Maryland Traffic Offenses
In Maryland, driving is not an inalienable right. It is a privilege. In this case, the right is bestowed upon you by the Maryland Motor Vehicle Administration (MVA). Maryland does not take Traffic Offenses lightly and neither should you.
Under Maryland traffic laws, offenses are divided into two categories. The more serious driving offenses are called incarcerable offenses, meaning that you can serve jail time if you are found guilty of the charges.
- Driving on a Revoked license
- Driving on a Suspended license
- Driving without a license
- Driving without Insurance
- Reckless Driving
- Negligent Driving
- Fraudulent Use of a license
- Leaving the Scene of an Accident
- Vehicular Manslaughter
Not only do you risk jail time with these charges, but any guilty finding will leave you with a criminal record which can negatively impact your life in hundreds of ways.
Roper & DiBlasio knows how to fight traffic charges. We will fight to keep your record clean, and challenge the prosecution on every point. Even if you made a mistake, you do not deserve to be scarred with a permanent criminal record.
Maryland Criminal Traffic Charges & Penalties
Points on Insurance Rates
|Driving on a Suspended License||Maximum of 1 year in jail & $1,000 Fine||
|Driving Without a License||Maximum of 60 days in jail & $500 Fine||
|Driving Without Insurance||Maximum of 1 year in jail & $1,000 Fine||
|Leaving the Scene of an Accident with Injury||Maximum of 5 years in jail & $5,000 Fine||
|Leaving the Scene of an Accident with Property Damage||Maximum of 60 days in jail & $500 Fine||
Driving with a Suspended or Revoked License Attorneys
In every state across America, it is illegal to drive while your license is suspended or revoked. In Maryland, it is possible to receive jail time if you are found guilty of driving while your driver’s license is suspended or revoked.
If the state believes you were fairly and legally notified, the defense, “I didn’t know it was suspended” will not hold up in court. There are two types of suspension you can receive from the Motor Vehicle Administration—points suspension and standard suspension.
If you accumulate 8 to 11 points through traffic violations or any other violation not related to alcohol or drugs, your license will be suspended. You will not be able to drive for anywhere from three months to a year, depending on your situation. You must return your license through the mail or in person to any MVA office. If you do not agree that your license should be suspended, you have fifteen (15) days to appeal and ask for a hearing. Until the hearing your license is still considered suspended and you are not allowed to operate a vehicle.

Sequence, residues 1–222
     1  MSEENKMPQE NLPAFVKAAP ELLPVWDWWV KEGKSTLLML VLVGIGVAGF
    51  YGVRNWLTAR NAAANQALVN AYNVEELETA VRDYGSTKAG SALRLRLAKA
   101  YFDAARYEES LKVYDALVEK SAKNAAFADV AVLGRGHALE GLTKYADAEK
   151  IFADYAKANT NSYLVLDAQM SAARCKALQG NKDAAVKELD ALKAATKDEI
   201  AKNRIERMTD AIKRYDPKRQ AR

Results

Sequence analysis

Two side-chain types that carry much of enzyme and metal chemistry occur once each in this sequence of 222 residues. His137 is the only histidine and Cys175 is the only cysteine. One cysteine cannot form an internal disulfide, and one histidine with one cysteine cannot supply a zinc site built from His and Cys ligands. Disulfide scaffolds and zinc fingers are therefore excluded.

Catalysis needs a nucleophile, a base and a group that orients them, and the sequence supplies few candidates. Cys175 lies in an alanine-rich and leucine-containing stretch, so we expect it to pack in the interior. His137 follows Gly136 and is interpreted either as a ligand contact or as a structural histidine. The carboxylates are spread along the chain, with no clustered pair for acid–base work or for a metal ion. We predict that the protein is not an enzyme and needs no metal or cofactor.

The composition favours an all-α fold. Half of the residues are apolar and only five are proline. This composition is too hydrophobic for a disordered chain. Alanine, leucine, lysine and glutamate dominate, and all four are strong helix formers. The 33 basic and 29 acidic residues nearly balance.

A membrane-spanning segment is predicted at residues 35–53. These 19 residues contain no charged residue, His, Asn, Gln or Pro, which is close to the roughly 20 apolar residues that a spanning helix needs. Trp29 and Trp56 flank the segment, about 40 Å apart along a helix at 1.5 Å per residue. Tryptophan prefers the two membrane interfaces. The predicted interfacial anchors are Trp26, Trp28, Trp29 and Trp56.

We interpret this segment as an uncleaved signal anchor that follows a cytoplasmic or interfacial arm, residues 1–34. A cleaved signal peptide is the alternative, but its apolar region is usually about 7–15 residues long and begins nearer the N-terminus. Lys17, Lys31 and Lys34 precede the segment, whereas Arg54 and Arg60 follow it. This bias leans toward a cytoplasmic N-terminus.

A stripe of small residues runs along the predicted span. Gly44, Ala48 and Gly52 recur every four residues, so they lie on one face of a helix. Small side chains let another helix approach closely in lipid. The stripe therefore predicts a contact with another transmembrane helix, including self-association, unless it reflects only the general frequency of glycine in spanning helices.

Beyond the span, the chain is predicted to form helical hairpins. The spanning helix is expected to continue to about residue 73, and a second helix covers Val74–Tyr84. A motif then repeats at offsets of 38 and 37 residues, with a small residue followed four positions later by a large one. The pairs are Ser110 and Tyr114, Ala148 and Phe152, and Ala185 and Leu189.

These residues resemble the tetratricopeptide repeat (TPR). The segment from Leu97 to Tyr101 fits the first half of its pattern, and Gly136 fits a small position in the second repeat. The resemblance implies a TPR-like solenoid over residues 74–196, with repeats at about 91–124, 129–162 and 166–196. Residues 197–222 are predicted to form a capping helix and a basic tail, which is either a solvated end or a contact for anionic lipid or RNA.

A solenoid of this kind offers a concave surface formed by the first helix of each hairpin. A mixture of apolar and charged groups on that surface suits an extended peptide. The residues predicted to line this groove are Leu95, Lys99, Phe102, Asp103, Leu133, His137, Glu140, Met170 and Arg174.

This suspension is like the Points Suspension, but one of the infractions adding up between 8 and 11 points is drug or alcohol related. However, you can also receive a standard suspension by failing to pay a traffic fine or falsifying information on your driver license.
If you accumulate 12 or more points on your driving record in a two-year span, the MVA will revoke your driving privilege. This means the license is terminated. When and if you are allowed to reinstate again, you must re-apply for a new driver’s license. If your offense was related to alcohol, you may be required to have an interlock (breathalyzer device) installed in your vehicle. You will also likely be required to take alcohol education classes for a specified amount of time.
Speeding Tickets and Moving Violations
If you received a ticket for a moving violation or speeding that is considered a non-incarcerable offense, there may be good reasons to challenge the ticket.
At your trial, the Police Officer may be required to provide certain testimony regarding your speed, the location of the stop, the calibration of the radar gun, and his/her ability to perform a speed check in order for the Court to find you guilty of speeding. In the event you were speeding you may be eligible for probation before judgment or a reduction in points and fine, if you can convince the judge you are worthy.
If you have previous violations that put you at risk for a license suspension, you may want to fight the ticket in court. A suspended license can put you at risk of losing your job if a car is the only way for you to get to work, or if you drive as part of your employment.
In many cases, depending on the points you are carrying on your license, legal fees are cheaper than the long term increased rates to your auto insurance.
MVA hearings are a unique experience because the MVA is independent from the courts. MVA hearings were created to carry out the Maryland Vehicle Laws. Some of what they determine is whether or not someone will lose their driver’s license after a DUI, DWI, accumulation of points on your driving record, or provisional license violations. License suspensions, particularly after a DUI/DWI charge and other matters can be challenged in a hearing at the Maryland Motor Vehicle Administration (MVA). In these cases, you have only 10 days to request a hearing, or else you give up the right to challenge your license suspension.